Gwyna is just a girl who is forced to run when her village is attacked and burns to the ground. To her horror, she is discovered in the wood. But it is Myrddin the bard who has found her, a traveler and spinner of tales. He agrees to protect Gwyna if she will agree to be bound in service to him. Gwyna is frightened but intrigued-and says yes-for this Myrddin serves the young, rough, and powerful Arthur. In the course of their travels, Myrddin transforms Gwyna into the mysterious Lady of the Lake, a boy warrior, and a spy. It is part of a plot to transform Arthur from the leader of a ragtag war band into King Arthur, the greatest hero of all time.
If Gwyna and Myrrdin's trickery is discovered, what will become of Gwyna? Worse, what will become of Arthur? Only the endless battling, the mighty belief of men, and the sheer cunning of one remarkable girl will tell.
NOTE: This review will be shorter than usual. As much as I'd like to go in-depth, I'm backed up on reviews. Hopefully after this one, I can get my reviewing back to normal.
First Look: ***** I've been walking past this in the library for years. I've picked it up a few times, read the inside jacket, then put it back. Finally, I just decided to pick it up and see what it's all about.
Setting: ***** Usually, I'm a big fan of medieval historical settings. But this one just felt...okay, to me. It wasn't anything that stood out from the crowd. I didn't get a really good feel of the time or place. It just wasn't that impressive, not something I could really immerse myself in.
Characters: ***** Again, this aspect of the book was just okay. I didn't really feel for the main character, Gwyna, but I didn't dislike her, either. She would've made for a much better protagonsit if she actually made things happen. Of course, the plot didn't really lend itself to making things happen, but I'll talk about that in the next section. The supporting characters weren't memorable at all.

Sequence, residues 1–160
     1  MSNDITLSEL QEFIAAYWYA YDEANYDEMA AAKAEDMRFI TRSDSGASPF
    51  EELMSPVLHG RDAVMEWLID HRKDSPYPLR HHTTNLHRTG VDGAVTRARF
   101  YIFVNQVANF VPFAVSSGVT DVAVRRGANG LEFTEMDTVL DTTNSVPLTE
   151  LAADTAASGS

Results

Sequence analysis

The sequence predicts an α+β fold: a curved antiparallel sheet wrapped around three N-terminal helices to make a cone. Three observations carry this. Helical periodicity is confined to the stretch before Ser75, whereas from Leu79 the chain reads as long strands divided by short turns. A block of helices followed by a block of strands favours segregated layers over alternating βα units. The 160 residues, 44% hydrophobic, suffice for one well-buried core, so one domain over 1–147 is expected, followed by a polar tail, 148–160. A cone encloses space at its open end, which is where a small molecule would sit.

Plot: ***** There isn't much plot to speak of. Nothing really happened in this book. Yes, the characters went places and did things, but it didn't really mean anything to me. None of it really connected. It just seemed like a string of incidents, which is definitely not the same thing as a plot.
Uniqueness: ***** It is a bit different from your standard Arthurian fiction, but it's not a huge standout, either.
Writing: ***** I couldn't connect through the writing to the story. It felt a bit disconnected, like the voice was off from the main character's personality, or something. Other than that it was decent, with no major awkardness or anything.
Likes: I did like the twists on the usual stories, like the part with the Lady of the Lake.
Not-so-great: Nothing not already mentioned above.
Total Score: For me, this book is just a big "meh". It was incredibly in-the-middle. The characters were okay, but not fabulous. The plot dragged a bit, and nothing really seemed to happen. This is honestly one of the most solid three-star reviews I've ever done. There were things I liked, things I didn't. If it looks interesting, I'd recommend picking it up, but if it doesn't jump out at you right away then I wouldn't bother.